After rising a heady +$2.8 bln in March from February, the +$0.6 bln rise in household bank balances in April seems modest by comparison. They now total $219.9 bln, up +7.3% in a year, and now representing 51.4% of all bank account balances (companies and the Government hold the rest). But this +$0.6 April rise was after households added +$1.3 bln to their term deposit balances, largely a shift out of their savings account balances and building on the March shift.
RECORD ANNUAL PROFIT FOR SBS BANK
SBS Bank has posted a +9% increase in annual net surplus to a record high $44.863 mln. This comes with operating income up +8% to $163.825 mln, and gross lending up +9% to $4.426 bln driven by home loans and consumer lending through the bank's Finance Now subsidiary. Agriculture lending fell -43% as SBS continues to wind-down its rural lending book.
IT'S NO BETTER FOR BUILDERS IN AUSTRALIA
It is not only looking like a sharp downturn in the residential construction industry in New Zealand, Australia has recorded a fall in building consents too - made to seem worse because a rise was expected, and that now means 23 of the past 25 months have booked retreats from the prior month, and year on year the April level is a whopping -36% lower.
IT'S TOUGH IN THE WORLD'S FACTORY TOO
China's officials are noting that their May PMI's "rebounded" from April. But they are still contracting after the disaster that was April. And that is true for both their factory and service sectors. That makes it three consecutive months of decline. It will take a magical turnaround for them to book a 5.5% GDP growth in 2022 as they were targeting. It seems most unlikely at this point. Factory export orders are contracting as they have done every month for the past year.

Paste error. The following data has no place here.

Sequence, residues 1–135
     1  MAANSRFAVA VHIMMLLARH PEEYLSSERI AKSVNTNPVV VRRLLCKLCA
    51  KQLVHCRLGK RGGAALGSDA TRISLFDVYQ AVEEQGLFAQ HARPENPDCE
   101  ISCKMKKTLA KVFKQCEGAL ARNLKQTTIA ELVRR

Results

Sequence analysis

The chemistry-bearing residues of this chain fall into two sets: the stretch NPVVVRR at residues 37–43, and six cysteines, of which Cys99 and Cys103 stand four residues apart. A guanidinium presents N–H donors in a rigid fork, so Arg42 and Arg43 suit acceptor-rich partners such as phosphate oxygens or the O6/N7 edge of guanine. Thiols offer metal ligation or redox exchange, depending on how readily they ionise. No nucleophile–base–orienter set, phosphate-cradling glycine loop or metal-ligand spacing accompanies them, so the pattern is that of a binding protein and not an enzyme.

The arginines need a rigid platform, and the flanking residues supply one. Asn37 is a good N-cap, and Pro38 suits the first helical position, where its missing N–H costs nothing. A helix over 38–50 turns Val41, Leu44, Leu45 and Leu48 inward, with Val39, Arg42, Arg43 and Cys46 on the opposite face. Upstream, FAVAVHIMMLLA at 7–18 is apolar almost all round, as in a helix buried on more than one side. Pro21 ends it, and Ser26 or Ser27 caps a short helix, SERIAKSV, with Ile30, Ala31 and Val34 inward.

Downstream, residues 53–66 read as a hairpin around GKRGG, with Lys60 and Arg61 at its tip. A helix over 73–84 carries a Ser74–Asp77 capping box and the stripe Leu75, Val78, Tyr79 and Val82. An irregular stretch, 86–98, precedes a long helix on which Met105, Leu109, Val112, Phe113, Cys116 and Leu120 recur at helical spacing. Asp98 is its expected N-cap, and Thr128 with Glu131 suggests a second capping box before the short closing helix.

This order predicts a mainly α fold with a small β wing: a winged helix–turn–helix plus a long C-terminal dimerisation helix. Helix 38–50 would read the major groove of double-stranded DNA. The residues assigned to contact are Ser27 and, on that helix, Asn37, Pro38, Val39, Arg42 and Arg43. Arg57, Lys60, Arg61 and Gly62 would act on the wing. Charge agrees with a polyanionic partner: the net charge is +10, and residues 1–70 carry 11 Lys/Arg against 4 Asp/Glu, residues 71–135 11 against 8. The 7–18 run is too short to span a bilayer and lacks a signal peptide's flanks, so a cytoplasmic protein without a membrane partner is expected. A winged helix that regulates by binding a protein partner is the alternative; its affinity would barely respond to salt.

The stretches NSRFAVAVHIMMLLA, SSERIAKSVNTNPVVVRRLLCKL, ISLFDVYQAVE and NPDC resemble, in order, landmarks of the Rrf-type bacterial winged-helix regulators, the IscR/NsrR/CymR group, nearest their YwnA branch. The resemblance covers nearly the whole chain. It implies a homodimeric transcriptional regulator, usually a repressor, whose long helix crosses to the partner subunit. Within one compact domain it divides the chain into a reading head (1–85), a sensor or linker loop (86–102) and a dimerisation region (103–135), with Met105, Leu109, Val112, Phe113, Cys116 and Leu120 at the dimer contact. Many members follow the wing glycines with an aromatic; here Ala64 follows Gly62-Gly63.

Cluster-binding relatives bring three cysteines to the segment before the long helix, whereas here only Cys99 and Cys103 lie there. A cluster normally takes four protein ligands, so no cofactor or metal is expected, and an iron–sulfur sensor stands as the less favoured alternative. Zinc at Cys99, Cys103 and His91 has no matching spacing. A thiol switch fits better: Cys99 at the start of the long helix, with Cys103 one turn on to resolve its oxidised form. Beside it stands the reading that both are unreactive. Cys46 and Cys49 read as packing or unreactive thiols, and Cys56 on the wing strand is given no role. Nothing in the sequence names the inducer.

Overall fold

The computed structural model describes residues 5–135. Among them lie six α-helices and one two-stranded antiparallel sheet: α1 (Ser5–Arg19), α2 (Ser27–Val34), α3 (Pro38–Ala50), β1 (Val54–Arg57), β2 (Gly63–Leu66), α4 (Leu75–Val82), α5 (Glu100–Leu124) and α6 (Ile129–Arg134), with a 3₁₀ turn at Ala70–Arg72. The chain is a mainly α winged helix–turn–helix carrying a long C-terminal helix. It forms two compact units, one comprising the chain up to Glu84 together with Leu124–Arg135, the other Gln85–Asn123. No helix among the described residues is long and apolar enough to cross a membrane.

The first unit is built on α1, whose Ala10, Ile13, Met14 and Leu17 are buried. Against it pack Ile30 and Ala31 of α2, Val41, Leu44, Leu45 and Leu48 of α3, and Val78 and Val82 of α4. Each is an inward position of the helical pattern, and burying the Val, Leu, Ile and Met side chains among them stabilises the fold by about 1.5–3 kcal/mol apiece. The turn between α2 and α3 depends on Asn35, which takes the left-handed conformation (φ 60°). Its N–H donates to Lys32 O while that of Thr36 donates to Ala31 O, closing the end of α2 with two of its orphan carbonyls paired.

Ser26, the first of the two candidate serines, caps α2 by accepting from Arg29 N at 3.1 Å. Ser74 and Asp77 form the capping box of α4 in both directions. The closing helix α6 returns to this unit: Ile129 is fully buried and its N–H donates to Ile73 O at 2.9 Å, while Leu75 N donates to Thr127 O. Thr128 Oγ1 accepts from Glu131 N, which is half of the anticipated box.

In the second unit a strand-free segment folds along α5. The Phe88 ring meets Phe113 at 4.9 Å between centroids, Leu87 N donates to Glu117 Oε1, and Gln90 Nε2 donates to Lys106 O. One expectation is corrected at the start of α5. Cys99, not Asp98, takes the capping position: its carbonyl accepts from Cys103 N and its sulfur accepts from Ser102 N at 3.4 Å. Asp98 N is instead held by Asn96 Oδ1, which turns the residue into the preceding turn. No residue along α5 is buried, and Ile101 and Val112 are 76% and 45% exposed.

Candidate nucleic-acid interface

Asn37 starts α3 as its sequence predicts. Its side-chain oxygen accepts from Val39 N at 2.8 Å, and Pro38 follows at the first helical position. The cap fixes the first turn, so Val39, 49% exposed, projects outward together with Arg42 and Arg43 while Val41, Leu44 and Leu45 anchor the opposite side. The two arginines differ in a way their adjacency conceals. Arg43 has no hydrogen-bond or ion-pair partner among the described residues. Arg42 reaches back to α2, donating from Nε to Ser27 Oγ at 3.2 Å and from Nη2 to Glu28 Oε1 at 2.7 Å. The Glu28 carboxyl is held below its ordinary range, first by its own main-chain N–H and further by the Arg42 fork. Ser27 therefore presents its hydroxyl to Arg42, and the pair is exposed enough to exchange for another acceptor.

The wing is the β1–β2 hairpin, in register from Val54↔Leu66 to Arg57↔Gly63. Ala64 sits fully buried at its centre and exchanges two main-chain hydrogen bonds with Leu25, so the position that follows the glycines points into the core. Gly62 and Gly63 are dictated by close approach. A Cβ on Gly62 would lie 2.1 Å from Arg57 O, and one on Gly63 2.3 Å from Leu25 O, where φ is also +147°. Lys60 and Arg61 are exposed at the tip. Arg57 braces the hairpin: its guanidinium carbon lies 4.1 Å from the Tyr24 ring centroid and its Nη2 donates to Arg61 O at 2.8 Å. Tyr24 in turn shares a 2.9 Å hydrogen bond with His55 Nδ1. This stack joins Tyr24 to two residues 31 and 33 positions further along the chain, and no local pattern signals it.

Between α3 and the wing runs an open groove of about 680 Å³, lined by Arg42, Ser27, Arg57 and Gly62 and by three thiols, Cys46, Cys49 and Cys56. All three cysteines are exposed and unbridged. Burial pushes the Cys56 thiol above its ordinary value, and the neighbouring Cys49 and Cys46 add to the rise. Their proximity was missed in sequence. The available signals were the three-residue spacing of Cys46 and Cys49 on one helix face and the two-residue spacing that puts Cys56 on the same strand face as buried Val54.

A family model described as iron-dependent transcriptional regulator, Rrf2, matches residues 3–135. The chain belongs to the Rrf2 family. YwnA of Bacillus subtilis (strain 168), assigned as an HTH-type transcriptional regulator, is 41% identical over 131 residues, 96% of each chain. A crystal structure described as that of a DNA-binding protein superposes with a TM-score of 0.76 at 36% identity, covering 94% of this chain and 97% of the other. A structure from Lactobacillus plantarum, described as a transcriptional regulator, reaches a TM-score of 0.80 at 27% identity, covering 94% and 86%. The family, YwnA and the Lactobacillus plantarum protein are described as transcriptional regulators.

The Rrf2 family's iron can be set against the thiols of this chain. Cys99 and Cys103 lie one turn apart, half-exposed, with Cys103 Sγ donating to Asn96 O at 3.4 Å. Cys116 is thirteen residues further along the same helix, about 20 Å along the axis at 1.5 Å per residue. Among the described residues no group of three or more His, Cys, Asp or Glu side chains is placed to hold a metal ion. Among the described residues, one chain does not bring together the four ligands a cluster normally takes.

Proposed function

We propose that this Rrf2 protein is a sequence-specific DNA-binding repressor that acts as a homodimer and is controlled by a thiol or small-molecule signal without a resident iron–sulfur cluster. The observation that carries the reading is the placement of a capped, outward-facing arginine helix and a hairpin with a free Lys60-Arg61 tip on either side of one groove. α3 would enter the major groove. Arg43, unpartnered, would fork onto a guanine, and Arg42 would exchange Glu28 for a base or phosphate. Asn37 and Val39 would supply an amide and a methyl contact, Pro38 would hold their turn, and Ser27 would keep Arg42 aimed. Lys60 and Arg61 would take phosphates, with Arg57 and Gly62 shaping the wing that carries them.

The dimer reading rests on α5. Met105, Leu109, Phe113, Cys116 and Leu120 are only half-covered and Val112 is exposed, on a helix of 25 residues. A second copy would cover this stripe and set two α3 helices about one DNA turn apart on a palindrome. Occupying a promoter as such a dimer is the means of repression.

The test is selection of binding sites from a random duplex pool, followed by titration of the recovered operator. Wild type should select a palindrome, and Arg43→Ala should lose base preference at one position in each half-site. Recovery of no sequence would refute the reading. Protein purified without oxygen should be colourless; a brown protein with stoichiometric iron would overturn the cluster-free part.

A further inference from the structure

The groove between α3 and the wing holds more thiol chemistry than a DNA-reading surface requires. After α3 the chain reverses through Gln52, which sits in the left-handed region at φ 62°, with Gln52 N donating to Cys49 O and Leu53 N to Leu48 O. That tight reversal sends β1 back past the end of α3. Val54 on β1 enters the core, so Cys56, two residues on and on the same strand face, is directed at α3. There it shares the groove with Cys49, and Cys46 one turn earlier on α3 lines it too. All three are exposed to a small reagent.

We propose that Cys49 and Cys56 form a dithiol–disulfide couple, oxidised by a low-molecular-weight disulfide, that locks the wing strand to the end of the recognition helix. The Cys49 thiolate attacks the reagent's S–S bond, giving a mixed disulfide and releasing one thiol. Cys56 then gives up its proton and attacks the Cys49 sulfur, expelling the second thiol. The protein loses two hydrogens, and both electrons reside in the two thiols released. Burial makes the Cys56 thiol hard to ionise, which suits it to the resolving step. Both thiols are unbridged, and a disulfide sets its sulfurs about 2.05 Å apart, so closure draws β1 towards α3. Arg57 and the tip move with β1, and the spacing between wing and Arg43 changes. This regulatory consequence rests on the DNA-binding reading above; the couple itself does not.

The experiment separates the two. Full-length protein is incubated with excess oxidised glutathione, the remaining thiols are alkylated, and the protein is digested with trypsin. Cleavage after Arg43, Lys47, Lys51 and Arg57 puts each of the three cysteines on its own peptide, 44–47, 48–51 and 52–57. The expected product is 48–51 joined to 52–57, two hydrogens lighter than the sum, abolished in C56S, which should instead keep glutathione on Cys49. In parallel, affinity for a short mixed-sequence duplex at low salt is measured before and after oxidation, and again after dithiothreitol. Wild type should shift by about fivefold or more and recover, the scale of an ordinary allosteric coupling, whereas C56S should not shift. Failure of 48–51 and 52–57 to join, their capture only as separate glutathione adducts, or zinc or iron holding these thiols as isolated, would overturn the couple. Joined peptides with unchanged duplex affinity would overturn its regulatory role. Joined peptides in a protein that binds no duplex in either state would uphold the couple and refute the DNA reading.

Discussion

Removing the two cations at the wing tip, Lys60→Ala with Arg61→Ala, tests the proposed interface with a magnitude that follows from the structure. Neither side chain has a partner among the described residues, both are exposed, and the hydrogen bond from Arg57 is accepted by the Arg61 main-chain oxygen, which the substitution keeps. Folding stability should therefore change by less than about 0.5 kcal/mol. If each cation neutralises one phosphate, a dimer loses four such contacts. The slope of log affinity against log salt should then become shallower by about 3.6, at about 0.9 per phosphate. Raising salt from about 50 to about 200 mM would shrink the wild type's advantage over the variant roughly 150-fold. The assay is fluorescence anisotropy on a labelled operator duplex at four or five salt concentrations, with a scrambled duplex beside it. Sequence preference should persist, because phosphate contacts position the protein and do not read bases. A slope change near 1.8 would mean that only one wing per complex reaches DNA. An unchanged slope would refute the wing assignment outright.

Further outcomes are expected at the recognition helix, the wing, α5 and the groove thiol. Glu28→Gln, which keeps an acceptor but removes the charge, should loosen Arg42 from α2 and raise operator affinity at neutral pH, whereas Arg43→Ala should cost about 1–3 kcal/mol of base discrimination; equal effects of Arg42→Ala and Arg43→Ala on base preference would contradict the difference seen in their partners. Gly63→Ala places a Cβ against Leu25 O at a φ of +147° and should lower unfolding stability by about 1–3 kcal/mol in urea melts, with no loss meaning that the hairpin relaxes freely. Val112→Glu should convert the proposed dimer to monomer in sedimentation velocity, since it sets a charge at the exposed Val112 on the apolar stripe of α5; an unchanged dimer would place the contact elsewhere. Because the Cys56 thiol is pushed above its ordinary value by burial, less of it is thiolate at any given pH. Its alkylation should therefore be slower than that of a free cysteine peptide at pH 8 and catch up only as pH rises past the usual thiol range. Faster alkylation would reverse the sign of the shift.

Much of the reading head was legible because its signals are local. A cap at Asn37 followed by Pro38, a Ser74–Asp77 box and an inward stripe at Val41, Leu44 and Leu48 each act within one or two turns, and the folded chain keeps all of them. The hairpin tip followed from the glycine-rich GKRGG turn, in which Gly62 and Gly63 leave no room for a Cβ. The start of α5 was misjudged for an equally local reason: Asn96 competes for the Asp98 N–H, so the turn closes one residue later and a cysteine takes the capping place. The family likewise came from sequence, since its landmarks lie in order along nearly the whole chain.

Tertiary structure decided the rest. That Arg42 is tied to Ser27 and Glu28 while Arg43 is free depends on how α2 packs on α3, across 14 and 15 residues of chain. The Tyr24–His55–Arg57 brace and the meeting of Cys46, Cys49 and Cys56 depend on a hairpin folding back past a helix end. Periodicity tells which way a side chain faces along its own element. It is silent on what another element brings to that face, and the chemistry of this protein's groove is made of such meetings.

SWAP RATES RISE
We don't have today's closing swap rates yet but they have probably firmed sharply again. The 90 day bank bill rate is up another +2 bps today at 2.47% and adding to a string of quite big moves up. The last time it was at this level was in March 2016. The Australian 10 year bond yield is now at 3.34% and up +9 bps on global moves. The China 10 year bond rate is now at 2.79% and up +1 bp. The NZ Government 10 year bond rate is now at 3.60%, and up +7 bps from the same global pressures and now just marginally higher than the earlier RBNZ fix for this bond which was up +6 bps, now at 3.56%. The UST 10 year is now at 2.84% and adding a sharp +10 bps in aftermarket trading following more Fed rate hike indications.
After starting a little higher, the Tokyo stock index is now unchanged. But at least it is holding yesterday's big gain. Hong Kong is doing the same (no change so far today but holding yesterday's big gain). Shanghai has opened -0.2% lower after yesterday's modest gain. The ASX200 is down -0.3% today after yesterday's rise. The NZX50 is up +0.4% near its close. Wall Street returns from holiday tomorrow and the S&P500 is indicating it will open flat.
In early Asian trade, gold has fallen -US$11 from this time yesterday to US$1849/oz.
The Kiwi dollar is moving down marginally, now at 65.3 USc. Against the AUD we are softer at 91 AUc. Against the euro we are drifting at 60.8 euro cents. That all means our TWI-5 moved down to just under 72.
Bitcoin is now at US$31,538 and up another +4.5% from this time yesterday. Volatility over the past 24 hours has been high at +/- 3.7%.